New Orleans Original Cocktail Tour
Please arrive at least 15 minutes before tour departure. Please allow for extra time due to heavy pedestrian and vehicular traffic in the French Quarter.
Departs daily at 4:00 pm. 3:00pm tour also available Fri & Sat in Nov - Feb and Daily Mar - Oct. Closed New Years Day, Mardi Gras, Thanksgiving Day, Christmas Day.
Tour Participation Requirements
Manhattan has the Manhattan, Long Island has its Iced Tea, and Singapore has its Sling. But you can't pin one on The Big Easy. This is the birthplace of many cocktails and the wellspring of American drinking culture. Get into the spirits as you stroll historic streets, and visit storied spots. We'll start you off with Natchez Punch on the house, and then you can choose heady beverages to purchase along the way. Cheers!
You'll be shaken (not stirred) by classic stories and recipes behind this city's legendary libations. Hear how the American cocktail was invented and why Henry Ramos had to employ an army of bartenders just to shake his popular drink, the Gin Fizz. Learn the origins of Southern Comfort, a liqueur invented here in 1874. And you must sip on the Sazerac – by law, this lusty drink is the official potion of Nawlins. L'chaim!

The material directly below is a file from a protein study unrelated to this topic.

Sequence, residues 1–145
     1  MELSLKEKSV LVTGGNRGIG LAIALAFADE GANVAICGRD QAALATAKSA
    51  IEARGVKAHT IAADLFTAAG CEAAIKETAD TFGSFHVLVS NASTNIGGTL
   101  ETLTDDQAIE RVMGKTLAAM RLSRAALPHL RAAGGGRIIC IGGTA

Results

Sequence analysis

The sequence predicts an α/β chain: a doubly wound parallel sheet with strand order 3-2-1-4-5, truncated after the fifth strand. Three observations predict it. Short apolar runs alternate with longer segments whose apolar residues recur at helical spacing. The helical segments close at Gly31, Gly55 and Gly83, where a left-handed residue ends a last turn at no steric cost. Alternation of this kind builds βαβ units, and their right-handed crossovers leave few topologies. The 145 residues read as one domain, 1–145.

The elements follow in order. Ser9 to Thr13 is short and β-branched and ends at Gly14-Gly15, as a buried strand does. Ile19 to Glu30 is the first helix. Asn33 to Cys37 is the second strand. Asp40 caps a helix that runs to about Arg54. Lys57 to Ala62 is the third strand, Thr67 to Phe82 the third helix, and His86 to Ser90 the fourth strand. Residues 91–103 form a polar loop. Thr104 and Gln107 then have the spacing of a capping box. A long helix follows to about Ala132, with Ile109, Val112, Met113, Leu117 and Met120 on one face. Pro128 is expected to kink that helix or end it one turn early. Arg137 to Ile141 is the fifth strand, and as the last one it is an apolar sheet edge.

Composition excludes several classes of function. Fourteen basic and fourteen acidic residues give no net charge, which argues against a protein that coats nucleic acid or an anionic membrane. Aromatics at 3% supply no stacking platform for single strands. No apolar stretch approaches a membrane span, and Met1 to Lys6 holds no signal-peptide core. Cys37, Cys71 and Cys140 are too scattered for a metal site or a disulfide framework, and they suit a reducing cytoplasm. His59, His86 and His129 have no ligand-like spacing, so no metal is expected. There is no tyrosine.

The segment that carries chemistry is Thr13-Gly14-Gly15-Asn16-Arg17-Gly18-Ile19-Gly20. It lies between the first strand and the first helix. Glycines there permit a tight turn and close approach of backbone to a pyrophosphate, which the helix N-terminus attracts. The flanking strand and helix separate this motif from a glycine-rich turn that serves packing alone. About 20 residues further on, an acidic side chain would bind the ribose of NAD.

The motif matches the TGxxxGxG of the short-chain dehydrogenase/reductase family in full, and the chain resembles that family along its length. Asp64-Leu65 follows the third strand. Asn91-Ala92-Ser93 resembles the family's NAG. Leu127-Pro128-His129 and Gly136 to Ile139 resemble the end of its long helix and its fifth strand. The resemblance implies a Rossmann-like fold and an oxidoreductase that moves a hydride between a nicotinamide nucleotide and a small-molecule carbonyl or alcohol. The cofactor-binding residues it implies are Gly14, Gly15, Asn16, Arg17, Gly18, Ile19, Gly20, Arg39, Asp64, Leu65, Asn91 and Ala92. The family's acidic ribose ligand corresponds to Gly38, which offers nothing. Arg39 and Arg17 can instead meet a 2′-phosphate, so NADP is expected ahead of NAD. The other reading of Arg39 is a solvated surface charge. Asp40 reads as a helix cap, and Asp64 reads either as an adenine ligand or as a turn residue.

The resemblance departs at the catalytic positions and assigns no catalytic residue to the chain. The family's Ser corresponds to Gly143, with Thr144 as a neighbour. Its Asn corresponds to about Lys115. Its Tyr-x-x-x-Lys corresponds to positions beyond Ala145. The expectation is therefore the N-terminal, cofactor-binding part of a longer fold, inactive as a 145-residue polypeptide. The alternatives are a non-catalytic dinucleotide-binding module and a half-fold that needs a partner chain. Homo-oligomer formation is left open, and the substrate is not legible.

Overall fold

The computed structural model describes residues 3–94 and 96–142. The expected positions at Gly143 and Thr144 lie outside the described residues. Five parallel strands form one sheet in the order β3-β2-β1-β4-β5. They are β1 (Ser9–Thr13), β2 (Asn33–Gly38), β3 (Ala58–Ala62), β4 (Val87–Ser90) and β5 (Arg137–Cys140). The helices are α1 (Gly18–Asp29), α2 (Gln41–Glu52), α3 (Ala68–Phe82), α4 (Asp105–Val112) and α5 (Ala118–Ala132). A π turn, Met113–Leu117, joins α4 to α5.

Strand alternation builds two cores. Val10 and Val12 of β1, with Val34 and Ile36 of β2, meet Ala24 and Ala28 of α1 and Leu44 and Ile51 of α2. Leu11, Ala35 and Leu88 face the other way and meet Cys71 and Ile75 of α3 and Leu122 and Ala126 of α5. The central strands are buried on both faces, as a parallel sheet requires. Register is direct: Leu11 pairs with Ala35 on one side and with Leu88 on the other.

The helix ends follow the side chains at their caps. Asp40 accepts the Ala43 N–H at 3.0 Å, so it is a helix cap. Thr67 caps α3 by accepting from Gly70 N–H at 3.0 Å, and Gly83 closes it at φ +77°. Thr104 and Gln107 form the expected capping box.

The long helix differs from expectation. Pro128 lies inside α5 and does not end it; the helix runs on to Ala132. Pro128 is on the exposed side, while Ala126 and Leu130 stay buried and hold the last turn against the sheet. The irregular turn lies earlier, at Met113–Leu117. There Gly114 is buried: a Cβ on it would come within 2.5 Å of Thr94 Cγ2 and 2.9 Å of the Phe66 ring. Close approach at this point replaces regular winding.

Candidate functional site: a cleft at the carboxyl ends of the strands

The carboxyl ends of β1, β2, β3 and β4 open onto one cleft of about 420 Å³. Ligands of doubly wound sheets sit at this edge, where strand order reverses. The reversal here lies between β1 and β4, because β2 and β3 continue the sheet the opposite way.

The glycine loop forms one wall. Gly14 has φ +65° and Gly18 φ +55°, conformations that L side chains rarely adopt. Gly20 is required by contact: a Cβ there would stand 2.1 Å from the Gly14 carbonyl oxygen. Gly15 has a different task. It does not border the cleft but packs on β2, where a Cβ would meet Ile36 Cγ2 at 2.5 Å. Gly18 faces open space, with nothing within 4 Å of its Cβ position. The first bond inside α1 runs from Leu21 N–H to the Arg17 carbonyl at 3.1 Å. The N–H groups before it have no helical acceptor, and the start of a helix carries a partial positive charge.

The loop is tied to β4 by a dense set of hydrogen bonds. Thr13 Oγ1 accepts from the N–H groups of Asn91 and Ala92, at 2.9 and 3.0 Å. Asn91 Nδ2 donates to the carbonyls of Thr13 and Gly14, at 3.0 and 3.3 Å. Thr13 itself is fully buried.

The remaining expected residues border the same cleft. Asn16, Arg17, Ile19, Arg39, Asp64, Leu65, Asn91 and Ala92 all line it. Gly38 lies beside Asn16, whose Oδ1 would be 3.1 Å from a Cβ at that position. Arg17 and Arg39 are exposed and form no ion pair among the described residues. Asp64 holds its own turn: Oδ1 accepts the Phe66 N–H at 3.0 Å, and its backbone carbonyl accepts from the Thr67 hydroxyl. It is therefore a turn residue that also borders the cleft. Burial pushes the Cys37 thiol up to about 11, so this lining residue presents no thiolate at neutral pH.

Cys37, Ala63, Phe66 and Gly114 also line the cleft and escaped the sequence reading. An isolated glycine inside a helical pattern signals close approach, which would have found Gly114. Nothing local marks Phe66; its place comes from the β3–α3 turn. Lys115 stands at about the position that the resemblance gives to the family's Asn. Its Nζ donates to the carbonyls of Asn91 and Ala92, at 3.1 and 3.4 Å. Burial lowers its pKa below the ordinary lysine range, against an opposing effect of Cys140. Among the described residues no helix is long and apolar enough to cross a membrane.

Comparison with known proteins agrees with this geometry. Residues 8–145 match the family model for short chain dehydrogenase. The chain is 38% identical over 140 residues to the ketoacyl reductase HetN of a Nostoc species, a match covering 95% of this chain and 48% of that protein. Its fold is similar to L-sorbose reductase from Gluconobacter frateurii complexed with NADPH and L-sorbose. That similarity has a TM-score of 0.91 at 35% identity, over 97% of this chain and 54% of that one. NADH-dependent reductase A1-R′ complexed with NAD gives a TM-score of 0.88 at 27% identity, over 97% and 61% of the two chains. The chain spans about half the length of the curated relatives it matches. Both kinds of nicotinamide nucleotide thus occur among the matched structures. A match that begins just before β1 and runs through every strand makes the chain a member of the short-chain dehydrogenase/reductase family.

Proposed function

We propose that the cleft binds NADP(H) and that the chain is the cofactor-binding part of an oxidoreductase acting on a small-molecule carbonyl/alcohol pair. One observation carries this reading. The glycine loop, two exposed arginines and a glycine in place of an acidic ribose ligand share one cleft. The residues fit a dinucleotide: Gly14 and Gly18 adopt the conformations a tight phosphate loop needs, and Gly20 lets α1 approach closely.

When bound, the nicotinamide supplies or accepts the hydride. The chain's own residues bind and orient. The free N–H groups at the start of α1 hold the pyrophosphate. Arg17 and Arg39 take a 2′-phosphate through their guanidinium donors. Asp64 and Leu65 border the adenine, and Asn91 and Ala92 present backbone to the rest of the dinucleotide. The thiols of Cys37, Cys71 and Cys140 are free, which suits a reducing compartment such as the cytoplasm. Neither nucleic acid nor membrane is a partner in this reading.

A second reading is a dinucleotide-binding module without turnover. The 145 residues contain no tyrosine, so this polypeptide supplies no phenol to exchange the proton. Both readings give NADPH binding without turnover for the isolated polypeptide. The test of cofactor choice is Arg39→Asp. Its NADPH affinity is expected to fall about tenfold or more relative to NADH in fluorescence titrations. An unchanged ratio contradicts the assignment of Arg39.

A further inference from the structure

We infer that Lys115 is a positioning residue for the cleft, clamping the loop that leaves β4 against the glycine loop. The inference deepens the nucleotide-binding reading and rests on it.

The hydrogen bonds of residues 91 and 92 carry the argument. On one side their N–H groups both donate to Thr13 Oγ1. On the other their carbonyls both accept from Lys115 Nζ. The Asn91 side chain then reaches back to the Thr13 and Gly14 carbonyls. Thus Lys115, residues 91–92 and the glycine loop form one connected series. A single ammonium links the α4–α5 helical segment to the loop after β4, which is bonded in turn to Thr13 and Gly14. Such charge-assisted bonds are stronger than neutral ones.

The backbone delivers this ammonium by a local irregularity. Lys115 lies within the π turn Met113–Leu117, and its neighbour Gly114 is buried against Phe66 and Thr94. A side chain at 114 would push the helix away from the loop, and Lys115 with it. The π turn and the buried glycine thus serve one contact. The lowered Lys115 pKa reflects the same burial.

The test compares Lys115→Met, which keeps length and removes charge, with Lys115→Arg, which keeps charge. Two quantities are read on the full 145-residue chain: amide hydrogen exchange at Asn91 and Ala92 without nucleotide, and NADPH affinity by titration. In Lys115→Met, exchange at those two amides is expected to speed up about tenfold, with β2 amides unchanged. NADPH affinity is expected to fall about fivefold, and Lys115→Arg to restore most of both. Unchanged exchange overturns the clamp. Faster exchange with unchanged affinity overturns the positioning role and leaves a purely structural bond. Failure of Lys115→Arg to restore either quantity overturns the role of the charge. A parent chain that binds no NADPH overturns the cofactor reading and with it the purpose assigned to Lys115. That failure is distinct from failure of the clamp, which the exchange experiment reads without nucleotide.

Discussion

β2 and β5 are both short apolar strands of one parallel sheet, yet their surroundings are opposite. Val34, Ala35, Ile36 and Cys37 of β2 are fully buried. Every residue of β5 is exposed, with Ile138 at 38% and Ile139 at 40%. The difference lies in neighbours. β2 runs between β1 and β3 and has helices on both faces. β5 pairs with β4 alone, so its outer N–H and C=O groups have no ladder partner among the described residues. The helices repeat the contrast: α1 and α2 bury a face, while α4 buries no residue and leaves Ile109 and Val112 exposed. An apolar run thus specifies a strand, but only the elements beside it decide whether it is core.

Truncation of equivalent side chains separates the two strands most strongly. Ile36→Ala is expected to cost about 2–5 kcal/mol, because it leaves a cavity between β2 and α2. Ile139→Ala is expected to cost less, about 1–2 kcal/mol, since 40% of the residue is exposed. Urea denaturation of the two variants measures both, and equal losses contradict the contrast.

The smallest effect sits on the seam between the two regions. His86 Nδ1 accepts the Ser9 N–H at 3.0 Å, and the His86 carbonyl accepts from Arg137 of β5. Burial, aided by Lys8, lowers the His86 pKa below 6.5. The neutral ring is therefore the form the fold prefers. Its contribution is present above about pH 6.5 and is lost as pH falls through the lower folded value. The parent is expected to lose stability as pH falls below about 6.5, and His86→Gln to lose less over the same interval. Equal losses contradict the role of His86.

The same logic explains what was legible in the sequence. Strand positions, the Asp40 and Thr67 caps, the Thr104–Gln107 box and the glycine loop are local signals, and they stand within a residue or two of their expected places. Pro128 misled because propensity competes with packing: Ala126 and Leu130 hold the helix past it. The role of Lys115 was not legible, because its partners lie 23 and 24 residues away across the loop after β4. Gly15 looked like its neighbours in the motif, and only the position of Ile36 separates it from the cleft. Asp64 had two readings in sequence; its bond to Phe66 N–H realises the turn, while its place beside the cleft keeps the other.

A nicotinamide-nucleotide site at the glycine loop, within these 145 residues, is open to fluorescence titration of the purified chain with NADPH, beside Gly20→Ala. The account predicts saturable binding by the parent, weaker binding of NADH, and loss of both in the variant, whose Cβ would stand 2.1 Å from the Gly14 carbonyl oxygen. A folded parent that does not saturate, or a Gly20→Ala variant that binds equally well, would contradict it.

Not only will you become a cocktail insider, you'll learn about New Orleans as you drink in examples of French-, Spanish-, and Creole-inspired architecture, imbibe its special blend of cultures, and get a rare taste of the city's oldest restaurant, its exclusive dining rooms, and historic wine cellar. Okole-maluna!
This spirited journey confirms that liquid concoctions – like jazz and joie de vivre – are integral to the intoxicating mix that is Big Easy culture. So raise your glass, look your neighbor in the eye, and wind up your tour of the nation's cocktail capital with a local Cajun toast: "May there always be crawfish in your nets, and gumbo in the pot!"
The tale of the cocktail
In the 1830s, Antoine Amedie Peychaud sold homemade bitters from his apothecary shop in the French Quarter. Soon he discovered his aromatic recipe paired well with liquor and sugar, and the first cocktail – the celebrated Sazerac – was mixed. To measure the ingredients for his drink, Peychaud used a double-ended eggcup called a coquetier (pronounced "ko-k-tay"), and that's how the cocktail got its name.
Full refunds issued for cancellations made 7 full days prior to the date and time of requested services. Cancellations made within the 7-day and 72-hour window will receive a 50% refund of purchase total. Purchases are non-refundable inside of 72 hours.